February 18, 2019 (LifeSiteNews) – Having only just written for LifeSiteNews about the tweets of Austen Ivereigh, I would not wish to return to the subject but for the extraordinary nature of the latest. Bear in mind that this man has been the Director of Public Affairs for the late Cardinal Murphy O’Connor, was a founder of the Catholic media organization “Catholic Voices,” and has written a biography of Pope Francis: he is what you might call a “professional Catholic.”
Discussing the latest claims about priests working in the Vatican who are homosexual, Ivereigh suggests:
The issue, as the priests make clear, isn’t celibacy and chastity, but having to hide who they are. The denial makes it impossible to live the vow in freedom. That’s what they’re saying.
This is a convenient argument for someone who wants to say that the Church has made homosexuality into a problem by her negative teachings about it. Get rid of the teachings, and you’d get rid of the problem!
A Twitter user replied, in Spanish (this is the Google translation):
They must serve God and his people without the entanglement of manifesting or hiding a hidden tendency. The priests, I believe, must be heterosexual. They act in persona Christi. And I do not think our Lord had homosexual tendencies.
To this Ivereigh replied, in Spanish (again, this is the Google translation any Twitter user can access at the click of a button: it is perfectly accurate):
Why do you say that our Lord did not have homosexual tendencies? From what signs or sayings or gestures do you deduce this?
It is typical of Ivereigh to make a point with a question. It allows him some plausible deniability over whether he believes in the implications of his question.
So I am not going to claim that Ivereigh thinks that Christ had homosexual tendencies. The implication of his rhetorical question is rather that the conforming to Christ required of priests does not involve, even ideally, a sexual identity which is not disordered: or, rather, the claim that homosexuality is not a disordered sexuality.
Let me take a step back on the substantive issues involved here.
Our Lord Jesus Christ was sinless in his earthly life. More than that, he was free from Original Sin and all its effects and implications for his human soul and personality. More even than that, since he was conceived by the Holy Spirit, it was the Holy Spirit which guided his growth and development. This is why it would be theologically erroneous to represent Christ as physically deformed, or as physically ugly. The same goes for his psychological make-up in his human nature.
The Catechism of the Catholic Church tells us, about homosexuality:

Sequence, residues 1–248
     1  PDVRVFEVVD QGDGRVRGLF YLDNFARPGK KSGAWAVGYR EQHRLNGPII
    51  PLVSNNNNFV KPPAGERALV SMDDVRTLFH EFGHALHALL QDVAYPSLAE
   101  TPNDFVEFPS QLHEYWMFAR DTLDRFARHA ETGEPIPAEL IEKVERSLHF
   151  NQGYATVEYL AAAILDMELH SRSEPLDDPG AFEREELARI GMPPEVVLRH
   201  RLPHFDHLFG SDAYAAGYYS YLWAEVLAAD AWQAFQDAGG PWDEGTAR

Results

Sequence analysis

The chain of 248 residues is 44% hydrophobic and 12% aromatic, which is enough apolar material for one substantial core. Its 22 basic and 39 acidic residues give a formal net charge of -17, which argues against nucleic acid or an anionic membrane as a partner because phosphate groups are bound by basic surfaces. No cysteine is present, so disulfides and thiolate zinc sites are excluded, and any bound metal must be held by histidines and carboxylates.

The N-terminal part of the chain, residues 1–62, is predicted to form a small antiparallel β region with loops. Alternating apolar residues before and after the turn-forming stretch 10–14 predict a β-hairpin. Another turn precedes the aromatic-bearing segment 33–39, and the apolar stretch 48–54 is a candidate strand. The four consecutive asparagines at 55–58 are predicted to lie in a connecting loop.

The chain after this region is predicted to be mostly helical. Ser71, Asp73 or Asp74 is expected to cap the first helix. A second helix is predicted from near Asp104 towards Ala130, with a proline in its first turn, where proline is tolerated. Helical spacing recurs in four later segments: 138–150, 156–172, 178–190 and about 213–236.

2358 The number of men and women who have deep-seated homosexual tendencies is not negligible. This inclination, which is objectively disordered, constitutes for most of them a trial.
This is relevant to the question of the priesthood in a very important way. The Congregation for the Doctrine of the Faith told us as recently as 2005:
The candidate to the ordained ministry, therefore, must reach affective maturity. Such maturity will allow him to relate correctly to both men and women, developing in him a true sense of spiritual fatherhood towards the Church community that will be entrusted to him.
Applying this to homosexual men:
Such persons, in fact, find themselves in a situation that gravely hinders them from relating correctly to men and women. One must in no way overlook the negative consequences that can derive from the ordination of persons with deep-seated homosexual tendencies.
One aspect of the personality of a priest which is essential to his identity and work as a priest is his capacity for spiritual fatherhood, and this is, of course, an aspect of his work in persona Christi.
In answer to Ivereigh’s ridiculous, scandalous and indeed blasphemous question—what sayings or gestures of Christ’s suggests that he did not have homosexual tendencies?—the answer would be: every word and gesture of our Savior which manifests his spiritual fatherhood to his disciples and to others, something which flows from his affective wholeness and maturity.
The reason people are particularly interested in the question of homosexual priests in the Vatican or anywhere else, right now, is the extraordinary series of scandals involving what one might delicately call affective immaturity. A priest in the diplomatic service is found stuck in an elevator with a homosexual prostitute. A Cardinal coerces seminarians into rubbing his back and sharing a bed with him. An Archbishop commissions a homosexual artist to include him in a homoerotic mural on the wall of his cathedral. Vatican police raid a Monsignor’s flat to break up a drug-fueled homosexual orgy. These events, which cause grave damage not only to reputations but to souls, are evidence of a particular kind of immaturity over sexual matters: an immaturity of a specifically homosexual character.
I would suggest to Austen Ivereigh that this is not a good moment to polarize the debate about homosexuality and the priesthood.